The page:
For my year of post-graduate service, I work at Rose House, non-secure placement, a rehabilitative home for adjudicated girls ages 13 to 17. The goal of our program is to meet the criminogenic needs of our residents through trauma-informed wrap around services that include but are not limited to therapy, substance abuse treatment, vocational support, and experiential exposure. Currently, in my role as the Good Shepherd Volunteer, I develop the treatment-centered schedule of activities for the residents.
My residents are incredibly intelligent and strong; they are able to overcome any obstacle or challenge that is thrown their way. One of their greatest strengths lies in their ability to advocate for themselves and their peers. They constantly ensure their needs are being met. That probably explains why the themes of the 62nd United Nations Commission on the Status of Women (UN CSW) felt so familiar.
The UN CSW is an annual 2 week conference where NGO representatives, advocates, and politicians gather to discuss the global issues impacting women. There are workshops, panels, presentations, and advocacy events where attendees discuss critical issues, exchange ideas, and learn from each other’s work. I had the honor of attending this year’s conference, which focused on the status of rural women. I heard testimonies about women advocating for their rights in their own communities. For example, I listened to the story of the first pregnant woman to survive the Zika virus. Her doctors and her community all believed she and her baby were destined for death. However, by keeping faith in her recovery and by building kinship with her fellow patients, she and her baby survived. She nurtured herself by relating to others impacted by the same deadly virus she contracted; through love and support she survived. She accomplished what no one believed possible.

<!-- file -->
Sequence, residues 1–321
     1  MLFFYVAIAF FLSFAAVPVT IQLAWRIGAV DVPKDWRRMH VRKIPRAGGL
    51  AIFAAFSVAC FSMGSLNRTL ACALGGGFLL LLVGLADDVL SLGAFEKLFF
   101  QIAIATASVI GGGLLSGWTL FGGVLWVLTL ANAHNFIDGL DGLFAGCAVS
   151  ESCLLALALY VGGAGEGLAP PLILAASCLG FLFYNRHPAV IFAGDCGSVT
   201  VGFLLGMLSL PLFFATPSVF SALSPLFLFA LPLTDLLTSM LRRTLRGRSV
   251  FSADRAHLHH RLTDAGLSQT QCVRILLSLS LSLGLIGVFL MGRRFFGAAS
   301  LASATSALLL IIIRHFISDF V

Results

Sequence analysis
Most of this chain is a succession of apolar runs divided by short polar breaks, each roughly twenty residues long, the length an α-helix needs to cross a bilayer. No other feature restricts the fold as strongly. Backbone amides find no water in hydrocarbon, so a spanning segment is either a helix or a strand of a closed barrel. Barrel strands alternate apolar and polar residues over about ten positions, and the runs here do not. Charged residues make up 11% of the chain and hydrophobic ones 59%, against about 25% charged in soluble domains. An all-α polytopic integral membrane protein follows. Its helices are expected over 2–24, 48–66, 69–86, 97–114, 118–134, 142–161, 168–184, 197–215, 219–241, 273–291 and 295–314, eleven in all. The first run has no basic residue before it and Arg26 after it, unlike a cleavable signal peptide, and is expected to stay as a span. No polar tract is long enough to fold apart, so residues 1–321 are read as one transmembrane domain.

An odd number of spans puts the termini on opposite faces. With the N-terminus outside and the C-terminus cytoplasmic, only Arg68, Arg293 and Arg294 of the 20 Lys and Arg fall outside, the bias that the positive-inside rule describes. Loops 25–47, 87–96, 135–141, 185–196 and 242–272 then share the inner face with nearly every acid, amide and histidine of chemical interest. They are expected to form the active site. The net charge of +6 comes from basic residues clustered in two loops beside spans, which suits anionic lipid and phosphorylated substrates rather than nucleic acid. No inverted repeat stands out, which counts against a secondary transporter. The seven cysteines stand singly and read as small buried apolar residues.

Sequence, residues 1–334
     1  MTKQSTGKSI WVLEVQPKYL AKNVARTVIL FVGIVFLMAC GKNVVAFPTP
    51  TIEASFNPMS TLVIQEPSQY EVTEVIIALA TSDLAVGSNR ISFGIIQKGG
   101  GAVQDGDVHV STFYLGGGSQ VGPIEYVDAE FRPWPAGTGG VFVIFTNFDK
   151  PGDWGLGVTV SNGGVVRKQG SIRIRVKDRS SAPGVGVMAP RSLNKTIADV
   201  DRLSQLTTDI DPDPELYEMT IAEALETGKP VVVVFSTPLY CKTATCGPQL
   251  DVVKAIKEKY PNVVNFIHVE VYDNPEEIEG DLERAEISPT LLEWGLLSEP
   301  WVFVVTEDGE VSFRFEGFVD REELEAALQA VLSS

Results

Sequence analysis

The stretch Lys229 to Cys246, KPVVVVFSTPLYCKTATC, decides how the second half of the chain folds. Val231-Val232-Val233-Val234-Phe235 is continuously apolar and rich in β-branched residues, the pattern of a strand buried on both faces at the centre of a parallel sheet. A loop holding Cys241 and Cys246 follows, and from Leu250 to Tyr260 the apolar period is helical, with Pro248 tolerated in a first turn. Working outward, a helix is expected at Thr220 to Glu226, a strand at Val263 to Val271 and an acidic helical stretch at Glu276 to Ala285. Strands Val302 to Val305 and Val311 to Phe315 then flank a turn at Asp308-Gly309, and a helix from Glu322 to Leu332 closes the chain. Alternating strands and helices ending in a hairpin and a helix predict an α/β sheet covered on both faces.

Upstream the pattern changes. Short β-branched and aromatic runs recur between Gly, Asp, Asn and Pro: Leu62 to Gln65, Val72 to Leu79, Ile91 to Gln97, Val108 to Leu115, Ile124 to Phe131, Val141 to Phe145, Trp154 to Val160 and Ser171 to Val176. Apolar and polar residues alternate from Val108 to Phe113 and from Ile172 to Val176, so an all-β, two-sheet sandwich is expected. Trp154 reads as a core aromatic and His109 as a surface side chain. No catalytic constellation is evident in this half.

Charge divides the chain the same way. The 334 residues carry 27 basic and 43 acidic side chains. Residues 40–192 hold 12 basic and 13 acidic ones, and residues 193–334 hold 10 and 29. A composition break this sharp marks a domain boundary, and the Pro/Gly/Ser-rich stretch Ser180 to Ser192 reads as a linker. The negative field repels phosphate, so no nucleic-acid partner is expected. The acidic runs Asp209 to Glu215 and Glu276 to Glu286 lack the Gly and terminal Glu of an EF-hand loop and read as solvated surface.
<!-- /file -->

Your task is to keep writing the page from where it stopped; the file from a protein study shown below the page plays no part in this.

Hearing her story, I could not help but reflect on the similarities between her and my residents. Just as she refused to give up on herself, so too do my residents continue to fight for themselves. Just as she found strength in kinship, so too do my residents build bonds with their peers, counselors, and mentors in order to facilitate their own growth. Just as she defied the odds, so too do my residents overcome the assumptions placed on to them because of their past. Just as she lifted up her fellow patients, so too do my residents advocate for the needs of themselves and their peers. I sat in awe of the strength. The strength of the Zika survivor, the strength in the millions of rural women who refuse to give up, the strength of my residents.
This awe-inspiring connection reminded me of the indomitability of the human spirit. It gave me reassurance that even when the world struggles for justice, resiliency and survival will win out. If we continue to fight with love for ourselves and others we too can accomplish the impossible, we too can achieve a more equitable and just world. I hope as I continue on my path I can draw from the strength of my sisters and continue to persist, resist, and inspire positive change. ¡Si se puede!
Written by, Amore Alvarenga Rose House Non-Secure Placement Washington Heights Community '17-'18